Business- and first-class travel took a sharp downward turn in November, with international routes taking the hardest hit. The New York Times reports that companies have cut back on business travel amid the deepening recession, choking off a major revenue source for the airlines and painting a bleak picture for the industry in the immediate future. According to the Times, business- and first-class travel dropped a whopping 17.7 percent on transpacific routes compared to last November, and 9 percent on transatlantic routes.
It should come as no surprise, of course, that this precipitous drop in premium travel is part of a larger decline in air travel overall. But with business- and first-class, we're talking about big-money seats, which play a huge role in any airline's bottom line. Take these lucrative fares out of the mix, and suddenly things don't look so good from an airline's perspective. As I noted recently, there has been a noticeable surge in airfare sales, meaning lots of economy seats are being sold on the cheap. While that's good for consumers, it's not good for airlines who are watching the bottom drop out of their budget.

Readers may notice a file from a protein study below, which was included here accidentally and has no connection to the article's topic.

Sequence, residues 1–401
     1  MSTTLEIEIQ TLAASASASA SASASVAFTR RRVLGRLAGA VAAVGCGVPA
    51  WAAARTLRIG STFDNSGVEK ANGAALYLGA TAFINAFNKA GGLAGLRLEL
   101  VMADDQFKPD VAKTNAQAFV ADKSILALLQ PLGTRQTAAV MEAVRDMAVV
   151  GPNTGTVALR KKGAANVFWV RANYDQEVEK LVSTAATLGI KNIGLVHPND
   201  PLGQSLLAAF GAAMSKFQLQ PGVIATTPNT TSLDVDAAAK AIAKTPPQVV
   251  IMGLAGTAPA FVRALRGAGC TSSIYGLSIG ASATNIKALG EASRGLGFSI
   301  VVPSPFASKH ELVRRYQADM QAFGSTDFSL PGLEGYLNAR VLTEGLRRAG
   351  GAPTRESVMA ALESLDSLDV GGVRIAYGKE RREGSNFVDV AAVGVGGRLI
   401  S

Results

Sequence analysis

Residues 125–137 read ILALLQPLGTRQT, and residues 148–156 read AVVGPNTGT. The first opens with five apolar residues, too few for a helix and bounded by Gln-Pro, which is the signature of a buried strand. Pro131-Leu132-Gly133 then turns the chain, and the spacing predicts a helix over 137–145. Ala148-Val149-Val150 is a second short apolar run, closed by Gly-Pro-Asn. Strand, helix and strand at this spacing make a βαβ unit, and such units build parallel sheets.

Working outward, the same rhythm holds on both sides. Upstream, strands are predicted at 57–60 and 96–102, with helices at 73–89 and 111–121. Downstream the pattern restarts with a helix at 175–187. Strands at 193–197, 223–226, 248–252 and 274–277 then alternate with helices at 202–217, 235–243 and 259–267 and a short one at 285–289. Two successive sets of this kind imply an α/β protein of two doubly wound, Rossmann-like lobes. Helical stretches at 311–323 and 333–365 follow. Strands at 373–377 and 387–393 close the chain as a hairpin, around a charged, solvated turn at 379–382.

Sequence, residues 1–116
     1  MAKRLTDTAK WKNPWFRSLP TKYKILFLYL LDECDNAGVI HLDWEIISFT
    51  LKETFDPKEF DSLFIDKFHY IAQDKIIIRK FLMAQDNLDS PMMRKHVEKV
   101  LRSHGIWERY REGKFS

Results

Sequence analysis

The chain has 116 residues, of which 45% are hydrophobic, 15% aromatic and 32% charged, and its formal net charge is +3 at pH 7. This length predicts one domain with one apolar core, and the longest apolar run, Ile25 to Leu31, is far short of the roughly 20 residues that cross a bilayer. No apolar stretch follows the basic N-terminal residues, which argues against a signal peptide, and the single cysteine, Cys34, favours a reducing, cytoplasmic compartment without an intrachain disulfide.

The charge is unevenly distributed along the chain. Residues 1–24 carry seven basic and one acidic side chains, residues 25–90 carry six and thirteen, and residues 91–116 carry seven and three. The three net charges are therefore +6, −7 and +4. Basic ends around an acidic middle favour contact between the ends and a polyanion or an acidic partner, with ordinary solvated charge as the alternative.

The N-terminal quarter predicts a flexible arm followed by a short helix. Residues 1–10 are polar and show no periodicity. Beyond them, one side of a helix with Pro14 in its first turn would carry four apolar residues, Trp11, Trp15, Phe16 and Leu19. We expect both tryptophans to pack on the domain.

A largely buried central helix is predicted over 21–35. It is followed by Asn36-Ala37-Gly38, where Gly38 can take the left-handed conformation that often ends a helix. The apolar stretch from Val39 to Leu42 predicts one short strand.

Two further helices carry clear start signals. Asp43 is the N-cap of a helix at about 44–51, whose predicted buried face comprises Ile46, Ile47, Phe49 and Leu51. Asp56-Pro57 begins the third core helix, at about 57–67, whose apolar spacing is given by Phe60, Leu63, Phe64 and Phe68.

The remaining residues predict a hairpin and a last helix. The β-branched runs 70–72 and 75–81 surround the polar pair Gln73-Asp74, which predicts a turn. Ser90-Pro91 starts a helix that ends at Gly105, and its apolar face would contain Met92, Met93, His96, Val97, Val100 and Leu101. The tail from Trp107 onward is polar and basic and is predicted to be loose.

So what does this mean for us? Generally, it means the airlines have to continue finding ways to fill their planes, which is a tall order in this wretched economy. But exactly how that effort manifests itself remains to be seen. Airlines could put their premium seats on sale—even at a discount, those seats are likely to be more profitable than coach—or just stick with regular sales and hope premium travel rebounds on its own. Perhaps more capacity cuts are in store if the industry can't shake this downward spiral.
No matter what happens, this is a trend to watch. According to the International Air Transport Association, "The low point for air travel has not yet been reached since the economic environment is still deteriorating." Sounds like the fun is just getting started.